Some might think that the exclusion of animal products from the diet is too extreme. So, what if men with PC just increased the proportion of plant foods in their diet? A study that addressed this question showed that even by increasing the amount of plant foods in your diet (half-vegan) you could slow the progression of PC although the level of PSA was only stabilised rather than reduced. In particular, the increased intake of cruciferous vegetables (vegetables whose flowers are shaped like a cross such as broccoli, brussel sprouts, kale, cauliflower) may be most beneficial for PC (12). Tomatoes are also beneficial in PC prevention with the active ingredient being lycopene. Cooking tomatoes results in higher levels of lycopene (13, 14).
Another reason for the low incidence of PC in South-East Asia is thought to be the high intake of soy products. Soy contain plant oestrogens (phytoestrogens) that inhibit the effect of our bodies’ own oestrogen (15). One study examined the impact of soy intake on PC progression. Men awaiting prostate surgery were randomly assigned to either eating a diet high in soy or not. In the soy group there was a significant decrease in the PSA level when compared to the control group (16).
Another source of phytoestrogens, in the form of lignans, are flaxseeds. A study looking at the impact of flaxseed intake on PC progression, randomly assigned men waiting surgery for PC to having either 3 tablespoons of flaxseeds a day or not. At the time of surgery those that had been consuming the diet with flaxseeds had evidence of cancer regression when compared to the control group (17).
Green tea has long been thought to have anti-cancer properties. When men with pre-cancerous prostate lesions were randomly assigned to take green tea extracts or not, the green tea group had a significantly lower rate of progression to PC (18). When green tea was compared with black tea or water, only the men drinking the green tea showed a significant decrease in PSA levels (19). At high doses, green tea extracts have been linked to liver failure, so if incorporating green tea into the diet, it is best to stick with the tea itself.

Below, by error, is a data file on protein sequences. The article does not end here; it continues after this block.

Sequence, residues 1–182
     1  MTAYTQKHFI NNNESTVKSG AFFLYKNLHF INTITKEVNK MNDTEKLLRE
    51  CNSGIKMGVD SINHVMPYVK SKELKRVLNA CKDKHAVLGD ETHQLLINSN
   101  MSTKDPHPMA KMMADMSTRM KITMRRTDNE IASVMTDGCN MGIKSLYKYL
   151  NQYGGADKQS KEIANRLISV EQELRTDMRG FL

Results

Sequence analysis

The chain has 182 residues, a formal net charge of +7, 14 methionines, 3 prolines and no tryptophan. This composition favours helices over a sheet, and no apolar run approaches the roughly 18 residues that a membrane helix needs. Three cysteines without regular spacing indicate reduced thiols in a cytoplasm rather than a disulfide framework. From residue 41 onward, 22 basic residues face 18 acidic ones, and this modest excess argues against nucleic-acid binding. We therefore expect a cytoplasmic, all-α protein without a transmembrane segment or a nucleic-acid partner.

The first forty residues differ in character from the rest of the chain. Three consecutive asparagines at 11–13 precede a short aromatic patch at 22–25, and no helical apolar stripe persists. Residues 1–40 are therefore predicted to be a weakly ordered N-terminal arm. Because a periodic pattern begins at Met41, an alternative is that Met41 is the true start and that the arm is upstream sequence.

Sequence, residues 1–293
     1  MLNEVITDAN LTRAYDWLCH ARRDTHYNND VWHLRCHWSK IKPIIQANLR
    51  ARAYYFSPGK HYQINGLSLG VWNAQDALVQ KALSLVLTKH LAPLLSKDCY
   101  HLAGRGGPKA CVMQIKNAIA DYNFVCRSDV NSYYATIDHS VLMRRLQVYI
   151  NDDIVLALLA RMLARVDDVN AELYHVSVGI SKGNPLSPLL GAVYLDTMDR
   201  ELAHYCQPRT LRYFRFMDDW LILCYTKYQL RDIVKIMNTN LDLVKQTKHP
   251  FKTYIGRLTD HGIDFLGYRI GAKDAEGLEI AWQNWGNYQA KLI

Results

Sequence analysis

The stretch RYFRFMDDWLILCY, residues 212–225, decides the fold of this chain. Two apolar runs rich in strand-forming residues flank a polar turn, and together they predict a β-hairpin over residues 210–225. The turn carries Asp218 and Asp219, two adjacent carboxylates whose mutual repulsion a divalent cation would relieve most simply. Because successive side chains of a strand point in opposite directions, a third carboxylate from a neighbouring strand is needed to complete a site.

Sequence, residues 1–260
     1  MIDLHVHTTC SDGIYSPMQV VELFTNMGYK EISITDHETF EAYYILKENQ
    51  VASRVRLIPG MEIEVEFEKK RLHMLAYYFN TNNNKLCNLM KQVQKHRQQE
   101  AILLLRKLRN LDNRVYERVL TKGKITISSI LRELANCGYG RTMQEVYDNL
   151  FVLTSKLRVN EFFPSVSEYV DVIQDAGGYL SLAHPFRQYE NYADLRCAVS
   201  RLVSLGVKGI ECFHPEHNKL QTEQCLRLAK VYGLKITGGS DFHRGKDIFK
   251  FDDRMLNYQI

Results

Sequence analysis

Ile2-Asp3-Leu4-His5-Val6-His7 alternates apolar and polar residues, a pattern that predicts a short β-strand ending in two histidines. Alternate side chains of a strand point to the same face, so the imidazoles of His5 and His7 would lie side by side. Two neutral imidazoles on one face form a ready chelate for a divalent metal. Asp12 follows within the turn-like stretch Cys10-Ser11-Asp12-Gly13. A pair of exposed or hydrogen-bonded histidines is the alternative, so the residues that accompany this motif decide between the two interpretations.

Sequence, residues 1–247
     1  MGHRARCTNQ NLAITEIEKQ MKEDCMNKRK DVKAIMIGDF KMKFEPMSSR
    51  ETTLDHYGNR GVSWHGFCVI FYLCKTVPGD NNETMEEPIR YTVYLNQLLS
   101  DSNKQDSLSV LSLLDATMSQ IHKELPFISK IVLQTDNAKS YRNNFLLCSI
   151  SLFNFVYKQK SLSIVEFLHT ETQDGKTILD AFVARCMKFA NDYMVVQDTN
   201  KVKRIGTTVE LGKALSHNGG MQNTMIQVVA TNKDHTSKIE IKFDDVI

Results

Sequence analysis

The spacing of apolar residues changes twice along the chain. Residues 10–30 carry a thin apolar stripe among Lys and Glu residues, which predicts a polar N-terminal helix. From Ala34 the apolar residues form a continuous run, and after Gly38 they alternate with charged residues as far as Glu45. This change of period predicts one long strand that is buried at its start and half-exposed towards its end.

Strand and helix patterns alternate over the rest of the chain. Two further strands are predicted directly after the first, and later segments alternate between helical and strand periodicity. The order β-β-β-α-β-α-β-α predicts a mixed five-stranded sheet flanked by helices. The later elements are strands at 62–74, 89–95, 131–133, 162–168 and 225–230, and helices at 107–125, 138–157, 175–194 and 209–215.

So what is a prostate healthy diet?
Luckily the diet that is best for prostate health is also best for heart, lung, liver and kidney health and also for preventing most common cancers. This is one that is predominantly based on whole plant foods. That is a diet consisting of fruits, vegetables, whole grains, beans, legumes, nuts and seeds (Figure 1). The diet should also be low in added oil and salt. The closer you get to a plant-based diet the easier it will be to control your weight, the more energy you will have and you will lower your risk of chronic illness. It is the only diet that has ever been proven to not only prevent, but also reverse diabetes and heart disease.
For more information on the role of diet and PC please refer to the following resources
Websites: nutritionfacts.org, pcrm.org
Books: Eat to live by Joel Fuhrman, How not to die, by Michael Greger, Cancer survivors guide by Neal Barnard
Documentary: Forks over knives
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18. Bettuzzi S, Brausi M, Rizzi F, Castagnetti G, Peracchia G, Corti A. Chemoprevention of human prostate cancer by oral administration of green tea catechins in volunteers with high-grade prostate intraepithelial neoplasia: a preliminary report from a one-year proof-of-principle study. Cancer Res. 2006;66(2):1234-40.
19. Henning SM, Wang P, Said JW, Huang M, Grogan T, Elashoff D, et al. Randomized clinical trial of brewed green and black tea in men with prostate cancer prior to prostatectomy. Prostate. 2015;75(5):550-9.
Written by Dr Shireen Kassam